In honor of her newest book, The Secret Chord (published in 2015), I wanted to take a moment to talk about one my favorite books of all time, by Geraldine Brooks.
The main character in “People of the Book” is… well, a book. A book that survived. A book that tells us stories of the present, of the distant past, and of each person whose hands were there, at some point in its life, to coddle or mangle, to save or destroy it. For all of us who revere books, here is a book about a book. For all of us who have longed to blow the dust off an old, tattered volume and have that fine powder fashion itself into pictures and words that tell us the book’s own history, here is that rare, descriptive dust.
Inspired by the true story of the recovered Sarajevo Haggadah, an illuminated Jewish manuscript created around the year 1350, this book is historical fiction at its best. A rare-books expert is hired to analyze and conserve the recently rediscovered Haggadah. Inside its threadbare binding she finds a white hair, a butterfly wing, a wine stain and salt crystals. Each artifact carries with it a deep and complicated story of its own – a story into which we, as readers, are delivered with ease. We find out where this book comes from and what it has been through. Much like hearing the ragged stories of an aging grandparent, we come to respect the perseverance of the book itself, and of the people that managed, through the chaos of war, exile, and persecution, to protect it.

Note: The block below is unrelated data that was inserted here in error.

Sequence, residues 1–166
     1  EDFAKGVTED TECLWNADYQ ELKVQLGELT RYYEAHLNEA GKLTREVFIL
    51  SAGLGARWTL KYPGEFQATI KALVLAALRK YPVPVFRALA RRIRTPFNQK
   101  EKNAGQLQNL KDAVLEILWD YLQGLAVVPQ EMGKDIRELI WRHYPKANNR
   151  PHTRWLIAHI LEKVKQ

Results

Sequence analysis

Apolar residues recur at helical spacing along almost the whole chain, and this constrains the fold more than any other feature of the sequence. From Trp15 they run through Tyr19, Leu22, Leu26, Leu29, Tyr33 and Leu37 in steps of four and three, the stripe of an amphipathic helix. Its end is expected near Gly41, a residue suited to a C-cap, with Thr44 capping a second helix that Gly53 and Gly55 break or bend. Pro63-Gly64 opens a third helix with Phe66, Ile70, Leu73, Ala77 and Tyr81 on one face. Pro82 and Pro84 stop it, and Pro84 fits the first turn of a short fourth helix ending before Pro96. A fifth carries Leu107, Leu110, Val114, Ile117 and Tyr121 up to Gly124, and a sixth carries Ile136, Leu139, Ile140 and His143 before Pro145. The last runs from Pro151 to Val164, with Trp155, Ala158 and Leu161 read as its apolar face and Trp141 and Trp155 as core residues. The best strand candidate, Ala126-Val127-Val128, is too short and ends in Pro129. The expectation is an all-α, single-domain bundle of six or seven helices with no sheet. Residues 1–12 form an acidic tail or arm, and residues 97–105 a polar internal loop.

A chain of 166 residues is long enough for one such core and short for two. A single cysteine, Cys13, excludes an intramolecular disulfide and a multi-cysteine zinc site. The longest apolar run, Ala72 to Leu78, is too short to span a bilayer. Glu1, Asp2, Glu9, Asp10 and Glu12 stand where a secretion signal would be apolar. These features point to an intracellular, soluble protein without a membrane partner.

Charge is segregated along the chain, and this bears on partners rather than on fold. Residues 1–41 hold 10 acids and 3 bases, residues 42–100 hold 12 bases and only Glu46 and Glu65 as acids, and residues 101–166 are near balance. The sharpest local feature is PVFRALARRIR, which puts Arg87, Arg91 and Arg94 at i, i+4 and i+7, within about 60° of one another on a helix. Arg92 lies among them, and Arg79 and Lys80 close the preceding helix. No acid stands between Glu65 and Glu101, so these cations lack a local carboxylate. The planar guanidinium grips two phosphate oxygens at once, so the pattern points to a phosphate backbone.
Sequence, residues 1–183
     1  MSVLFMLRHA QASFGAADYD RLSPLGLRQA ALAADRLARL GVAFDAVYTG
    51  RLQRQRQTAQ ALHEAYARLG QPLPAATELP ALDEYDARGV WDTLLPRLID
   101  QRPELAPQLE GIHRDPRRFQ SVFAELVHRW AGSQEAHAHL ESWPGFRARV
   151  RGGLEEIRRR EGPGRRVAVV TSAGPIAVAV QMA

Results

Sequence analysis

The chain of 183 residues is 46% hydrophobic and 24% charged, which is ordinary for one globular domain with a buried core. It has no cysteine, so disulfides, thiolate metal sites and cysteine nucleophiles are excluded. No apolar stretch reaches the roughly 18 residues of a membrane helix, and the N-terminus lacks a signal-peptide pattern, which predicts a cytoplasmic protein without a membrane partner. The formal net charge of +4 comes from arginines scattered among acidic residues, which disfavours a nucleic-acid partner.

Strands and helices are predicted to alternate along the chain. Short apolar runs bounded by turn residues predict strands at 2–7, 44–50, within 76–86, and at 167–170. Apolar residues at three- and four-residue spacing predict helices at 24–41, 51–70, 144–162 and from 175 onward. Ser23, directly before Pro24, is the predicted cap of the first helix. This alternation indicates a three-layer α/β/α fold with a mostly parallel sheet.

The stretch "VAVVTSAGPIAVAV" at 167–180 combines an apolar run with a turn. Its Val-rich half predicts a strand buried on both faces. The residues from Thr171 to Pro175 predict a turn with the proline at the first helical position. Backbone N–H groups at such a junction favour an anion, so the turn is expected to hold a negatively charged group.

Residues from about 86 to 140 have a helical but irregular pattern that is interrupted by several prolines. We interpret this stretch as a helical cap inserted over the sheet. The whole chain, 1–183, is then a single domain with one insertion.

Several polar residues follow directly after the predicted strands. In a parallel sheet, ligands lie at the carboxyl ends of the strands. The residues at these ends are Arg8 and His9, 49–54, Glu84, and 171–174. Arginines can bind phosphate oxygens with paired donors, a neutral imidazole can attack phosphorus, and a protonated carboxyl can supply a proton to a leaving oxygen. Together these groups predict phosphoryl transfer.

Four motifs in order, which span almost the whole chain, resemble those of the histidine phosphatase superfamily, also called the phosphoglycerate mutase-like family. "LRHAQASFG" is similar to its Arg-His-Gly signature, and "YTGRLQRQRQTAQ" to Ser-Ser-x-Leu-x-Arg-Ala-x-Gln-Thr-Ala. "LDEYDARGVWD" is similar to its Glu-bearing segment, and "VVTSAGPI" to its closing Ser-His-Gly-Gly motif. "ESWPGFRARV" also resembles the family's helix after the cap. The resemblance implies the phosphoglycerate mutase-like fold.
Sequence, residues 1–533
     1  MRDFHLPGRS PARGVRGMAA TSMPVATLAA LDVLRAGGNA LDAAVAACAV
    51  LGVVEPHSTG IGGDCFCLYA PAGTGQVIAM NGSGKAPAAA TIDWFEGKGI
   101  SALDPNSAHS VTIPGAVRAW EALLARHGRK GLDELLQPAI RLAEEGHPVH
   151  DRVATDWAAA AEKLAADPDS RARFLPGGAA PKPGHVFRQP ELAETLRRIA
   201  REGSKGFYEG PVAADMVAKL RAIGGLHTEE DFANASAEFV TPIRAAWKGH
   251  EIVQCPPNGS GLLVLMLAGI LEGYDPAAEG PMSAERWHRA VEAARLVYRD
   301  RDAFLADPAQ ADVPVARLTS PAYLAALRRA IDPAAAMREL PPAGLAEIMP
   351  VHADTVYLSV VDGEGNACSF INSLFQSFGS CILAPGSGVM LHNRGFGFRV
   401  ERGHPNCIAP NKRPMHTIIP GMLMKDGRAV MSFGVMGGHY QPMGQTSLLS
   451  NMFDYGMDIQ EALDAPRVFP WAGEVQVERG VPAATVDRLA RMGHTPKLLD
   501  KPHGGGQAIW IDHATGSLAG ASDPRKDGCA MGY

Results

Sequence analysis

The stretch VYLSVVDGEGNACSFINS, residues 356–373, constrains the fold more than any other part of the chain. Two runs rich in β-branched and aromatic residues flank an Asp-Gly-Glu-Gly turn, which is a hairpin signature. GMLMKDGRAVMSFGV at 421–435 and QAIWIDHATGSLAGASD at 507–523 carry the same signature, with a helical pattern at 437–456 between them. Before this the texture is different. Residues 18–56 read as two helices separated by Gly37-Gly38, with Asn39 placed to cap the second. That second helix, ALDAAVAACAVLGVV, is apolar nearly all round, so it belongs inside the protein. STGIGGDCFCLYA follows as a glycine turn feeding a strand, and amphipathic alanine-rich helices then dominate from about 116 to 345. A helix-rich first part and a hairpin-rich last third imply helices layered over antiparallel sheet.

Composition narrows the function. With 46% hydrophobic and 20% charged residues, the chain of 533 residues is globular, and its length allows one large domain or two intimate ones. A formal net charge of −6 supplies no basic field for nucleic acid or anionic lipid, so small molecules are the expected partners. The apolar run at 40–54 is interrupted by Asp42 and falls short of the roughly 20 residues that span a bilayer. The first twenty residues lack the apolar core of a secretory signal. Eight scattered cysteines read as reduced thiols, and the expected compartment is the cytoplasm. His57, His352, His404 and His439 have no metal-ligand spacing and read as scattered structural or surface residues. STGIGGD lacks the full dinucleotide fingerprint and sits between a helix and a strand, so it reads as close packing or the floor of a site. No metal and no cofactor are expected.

This is more than a book about a book. It is a book about humanity’s respect for the written word. In this age of digitalization, it is a book about the wonders of the hard copy; how the pages themselves have texture and depth; how the smell of an old, worldy-wise text can transport you back to a certain time or a certain person. I love “People of the Book” because it reminds me of all the things a Nook or a Kindle will never be. It reminds me of the physical and mental creation of paper, of book, of words strung together to form tales, and most of all, of history.
Reviewed by: Tate DeCaro